Makabu’s punching power might be a tick better on paper than it is in the ring. He has 25 KOs in his 28 wins but his KO efficiency drops when he meets solid B or better fighters. Canelo Alvarez knows with a decent degree of certainty that his chin can handle incoming from the lefty.

Canelo might like how Makabu tends to square up, with a high guard, when he’s getting strafed, and his counter-punching then isn’t going to strike fear into the fighting pride of Gaudalajara. Yeah, I think the power of Canelo is in the same ballpark as Bellew’s on the night he dropped and stopped Makabu.

Canelo Alvarez sounded fearless when he was asked about this new division test. “I’m a very smart fighter,” Canelo said. “I believe in my power and my skills, so this is why we’re going to try. It’s a great challenge and a question of twenty kilos. It’s a fifty/fifty challenge, but I feel very strong. I love challenges and making history. That’s why I’m here, and I like this challenge. We will see if it is the most difficult challenge of my career on that day!”

Canelo Alvarez exults with trainer day Reynoso.

Canelo Alvarez and Eddy Reynoso are today the top fighter/trainer pair in combat sports. They seem totally in sync, don’t they?

Like I said, there will be no shortage of pundits and analysts who aren’t too impressed with this splashy plan. Tim Bradley told Fight Hub that this move is “orchestrated greatness.”

Bradley said that the belts are for TV, and they help draw money…but it’s about the fights, not the straps.

He made a good point, asking the interviewer if he knew what belt Sugar Ray Leonard and Marvin Hagler fought for. Don’t know, and don’t care, Bradley said.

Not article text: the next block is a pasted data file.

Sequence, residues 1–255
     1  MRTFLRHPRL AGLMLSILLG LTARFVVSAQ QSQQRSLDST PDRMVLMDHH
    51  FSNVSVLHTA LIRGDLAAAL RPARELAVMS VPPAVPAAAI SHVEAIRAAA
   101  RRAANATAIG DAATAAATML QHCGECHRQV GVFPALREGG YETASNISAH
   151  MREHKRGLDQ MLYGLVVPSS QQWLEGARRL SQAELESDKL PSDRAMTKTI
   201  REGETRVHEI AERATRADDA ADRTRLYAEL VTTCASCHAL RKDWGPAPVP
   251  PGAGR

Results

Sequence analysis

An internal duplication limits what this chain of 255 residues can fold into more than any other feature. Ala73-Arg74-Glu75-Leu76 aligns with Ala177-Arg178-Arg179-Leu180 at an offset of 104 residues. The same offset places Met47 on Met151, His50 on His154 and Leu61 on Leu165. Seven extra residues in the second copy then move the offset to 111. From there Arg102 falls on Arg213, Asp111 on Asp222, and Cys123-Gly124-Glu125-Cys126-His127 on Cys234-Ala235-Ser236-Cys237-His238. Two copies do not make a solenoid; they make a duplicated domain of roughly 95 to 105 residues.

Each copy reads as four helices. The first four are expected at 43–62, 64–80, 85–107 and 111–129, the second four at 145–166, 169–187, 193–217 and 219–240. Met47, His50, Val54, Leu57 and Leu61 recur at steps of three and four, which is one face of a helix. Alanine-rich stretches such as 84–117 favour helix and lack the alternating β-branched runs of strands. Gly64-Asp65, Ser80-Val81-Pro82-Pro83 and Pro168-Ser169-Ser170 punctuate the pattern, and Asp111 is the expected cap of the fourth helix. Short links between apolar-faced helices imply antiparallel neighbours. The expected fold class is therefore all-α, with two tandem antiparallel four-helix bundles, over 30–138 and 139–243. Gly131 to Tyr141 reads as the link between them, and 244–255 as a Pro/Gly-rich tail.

“Canelo Alvarez versus Makabu is not a fight that everybody wants to see,” said the ESPN analyst, now at the top of the heap among prominent on-screen analysts who are willing to share sharp opinions.

And “regular” Joes and Janes, what are they saying?

I put the question out to the masses–or the folks who use Twitter and follow me, that is…Is Canelo a cherry picker, yes or no? And do you like the Canelo Alvarez leap up the ladder, to cruiserweight, versus Makabu?

Canelo Alvarez talks about moving to cruiserweight as WBC president Mauricio Sulaiman listens at the WBC convention.

“Canelo has the deepest resume in boxing,” replied Matt Andrzejewski. “People forget about his fights many years ago with dangerous southpaws Trout and Lara. In addition Makabu is a dangerous opponent and is much better now than he was when he fought Bellew. I personally really like this fight.”

Pedro Gonzalez thinks that yes, Canelo is sneaky-savvy at picking foes who have some deficiency that he can exploit. “I think it’s fair to call him a cherry picker, and I’m Mexican. Wasn’t it he that said when he was waiting for GGG to age a bit that belts didn’t matter. He fought for honor and glory? But for a while now they matter? I didn’t like Mayweather cherry picking and I as a Mexican can’t give him a pass.”

Paul DiNitto, however, thinks that Canelo Alvarez is not a cherry picker. “Makabu is WBC champ and ranked No. 3 by Ring. 28-0 (25 KOs) so he can crack. Reminds me some of when Sugar Ray Leonard went up to fight Donny Lalonde.”

Neither does Roy Foreman…”I’ve been around and involved in boxing now for over 40 years and I have seen it all,” Roy said. “If Canelo was doing something that was not done before I would be the first to jump on him …but need I say ‘The Bum of the Month Club?’ Joe Louis, and Ali fighting Chuck Wepner, Rudy Lubbers, etc.”

Jacob Rodriguez says no way, Canelo Alvarez isn’t one to diabolically pick ‘n choose: “He is moving up in weight and challenging Makabu, who may not have the same skills but he does have a 90% KO ratio and that in itself is risky given he is the heavier fighter. How is this any different than Roy Jones Jr challenging heavyweight Jawny Ruiz in 2003 when Lennox Lewis and Wladimir Klitschko were available?”

I’m going to finish up by answering my own question: No, I don’t think Canelo Alvarez is a “cherry picker,” if you take that to mean he’s pulling one over on us, he’s avoiding obvious challenges and instead picking iffy opposition while portraying the foes as being world beaters. The man has leverage, as the leader of the pack pound for pound, and, no shocker, he uses it.


Michael Woods is a Brooklyn resident.The former NY Newsday reporter and ESPN Magazine staffer is publisher of You can reach him here.